How Much to Save for College

How Much to Save for College

How much should we be saving for college is a question many parents ask. After saving for retirement, this is often the second goal on their list. The numbers below provide an estimate for parents saving for college.

Current Cost of College

The first step is having an idea of how much the cost will be. I suggest looking at two numbers – the cost of public schools in your state and the average cost of private schools.

Below is the 2014-15 average student budget for both an in-state public college and a private college. These numbers include tuition, room and board, books and supplies, transportation, and personal expenses:

Public College In-State

Private College

Room & Board



Tuition & Fees



Books & Supplies & Other Expenses






Source: The College Board, Trends in College Pricing 2014

Future Costs

According to The College Board, the increase in tuition for 2014-15 was lower than average this year.  Tuition increased by 2.9% for in-state students at public 4-year schools and 3.7% at private nonprofit 4-year institutions.

This year’s increases are still higher than the Consumer Price Index (2%), but are lower than the average increases for the last 10 years.

This is great news for parents estimating the future cost of college.  Even a 1% difference in college inflation can make a noticeable difference in the final cost of college  

For example, the total cost for a child born in 2015 and starting a public college in 2033 using a 5% inflation rate is estimated to be $242,828. If college inflation turns out to be only 4%, the total estimated cost is $201,386.

Savings Per Year

Let’s say a parent plans on paying the entire bill for college and starts saving the year the child is born. How much would they need to save each year? The amount below shows the amount you’ll need to save per year, per month, or as a lump sum the year the child is born.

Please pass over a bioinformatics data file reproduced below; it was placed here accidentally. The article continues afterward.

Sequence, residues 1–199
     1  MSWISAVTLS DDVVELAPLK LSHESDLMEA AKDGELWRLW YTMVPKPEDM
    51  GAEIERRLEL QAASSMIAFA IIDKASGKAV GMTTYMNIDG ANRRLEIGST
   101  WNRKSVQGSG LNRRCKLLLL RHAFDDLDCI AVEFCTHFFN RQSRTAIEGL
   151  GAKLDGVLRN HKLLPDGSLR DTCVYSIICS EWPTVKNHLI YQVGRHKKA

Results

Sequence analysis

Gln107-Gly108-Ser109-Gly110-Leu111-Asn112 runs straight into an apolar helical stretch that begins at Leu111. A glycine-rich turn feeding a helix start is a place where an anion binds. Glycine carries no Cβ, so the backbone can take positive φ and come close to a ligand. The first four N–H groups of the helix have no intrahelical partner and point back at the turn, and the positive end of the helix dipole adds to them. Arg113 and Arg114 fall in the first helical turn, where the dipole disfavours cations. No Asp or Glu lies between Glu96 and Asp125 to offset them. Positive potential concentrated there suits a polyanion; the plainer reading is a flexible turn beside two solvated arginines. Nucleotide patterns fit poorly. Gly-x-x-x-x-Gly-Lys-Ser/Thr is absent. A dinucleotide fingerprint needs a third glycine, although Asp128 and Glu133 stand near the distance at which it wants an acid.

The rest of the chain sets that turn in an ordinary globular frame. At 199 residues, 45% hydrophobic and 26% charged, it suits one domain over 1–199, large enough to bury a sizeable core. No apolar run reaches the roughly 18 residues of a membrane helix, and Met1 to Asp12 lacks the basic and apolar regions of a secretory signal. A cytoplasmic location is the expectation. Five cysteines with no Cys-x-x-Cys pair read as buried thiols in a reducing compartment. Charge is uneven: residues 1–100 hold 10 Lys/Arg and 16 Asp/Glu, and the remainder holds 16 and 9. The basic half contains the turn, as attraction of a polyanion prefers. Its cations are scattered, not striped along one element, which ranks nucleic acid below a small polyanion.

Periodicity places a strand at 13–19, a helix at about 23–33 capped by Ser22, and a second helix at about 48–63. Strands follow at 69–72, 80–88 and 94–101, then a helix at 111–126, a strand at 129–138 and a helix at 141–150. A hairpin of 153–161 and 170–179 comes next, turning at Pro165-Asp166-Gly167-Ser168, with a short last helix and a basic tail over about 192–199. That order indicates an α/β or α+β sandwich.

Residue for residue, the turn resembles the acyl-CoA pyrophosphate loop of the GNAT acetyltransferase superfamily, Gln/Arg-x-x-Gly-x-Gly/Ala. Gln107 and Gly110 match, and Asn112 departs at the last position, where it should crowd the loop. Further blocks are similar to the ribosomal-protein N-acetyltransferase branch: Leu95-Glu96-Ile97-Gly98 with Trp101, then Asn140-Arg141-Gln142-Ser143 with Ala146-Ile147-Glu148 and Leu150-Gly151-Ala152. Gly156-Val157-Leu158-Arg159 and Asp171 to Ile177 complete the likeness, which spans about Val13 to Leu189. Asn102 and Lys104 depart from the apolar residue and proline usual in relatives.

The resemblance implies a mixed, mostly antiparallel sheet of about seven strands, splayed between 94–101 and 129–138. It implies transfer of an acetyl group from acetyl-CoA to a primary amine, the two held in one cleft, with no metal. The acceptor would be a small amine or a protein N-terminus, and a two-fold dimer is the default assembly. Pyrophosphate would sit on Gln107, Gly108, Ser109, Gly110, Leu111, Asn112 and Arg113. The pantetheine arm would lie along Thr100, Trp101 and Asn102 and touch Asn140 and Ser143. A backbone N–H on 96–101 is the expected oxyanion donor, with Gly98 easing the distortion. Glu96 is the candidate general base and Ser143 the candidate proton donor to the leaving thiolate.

The first row is for savings in a 529 plan where the earnings grow tax-deferred and the second is for savings in a taxable account. The numbers assume a 6% return on investments and 5% annual increase in college costs.

Public College In-State

Private College



Lump Sum



Lump Sum

529 Plan







Taxable Account







Save for Retirement First

In reality, today’s parents are also saving for retirement, current child care costs and other goals and expenses.

Putting away enough to pay for the whole tuition and expenses in often not feasible. So what portion should a parent plan to save for?

The first priority is saving for retirement. You’ll want to be secure in your own future before saving for your child’s education. Even if you save nothing for college but have solid retirement savings, you’ll more easily be able to help you child as they get closer to going to college.

Save One Third the Cost

Once a parent has a saving plan for retirement, they can turn to saving for college. Aim to save at least one third of college costs. In the example above, this means saving $183 per month in a 529 account for a public college and $361 per month for a private school.

Then plan on paying one third of the remaining cost with current income while the child is in college and the last third of the cost from grants and loans that either you or your child take out.

This is just a general framework to start thinking about how to save for college. The numbers will be different for each family depending how much they can save now, how much they can afford later, and the availability of financial aid.

How Much Debt

Students coming out of school with large amounts of debt can fall behind financially. They may end up saving less for retirement or other goals like purchasing a home.

It still makes sense financially for most kids to get a college education, but it is also financially important to keep the amount of debt under control.

So how much is the right amount of debt for a student? One rule of thumb is that the total amount of college debt should not be greater than their expected starting gross salary.

This rule will generally allow the student to pay back the loan in 10 years with a monthly payment between 10 and 15% of their monthly gross income. This is the upper limit; it’s always better to keep debt as low as possible.

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The content on this post is for information purposes only and is not intended to provide individual tax or financial advice. Readers are advised to consult financial or tax professionals for specific information regarding your individual situation. Opinions expressed herein are solely those of Balance Financial Planning, LLC, unless otherwise specifically cited. The content is developed from sources believed to be providing accurate information.

Balance Financial Planning, LLC

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Oakland, CA 94618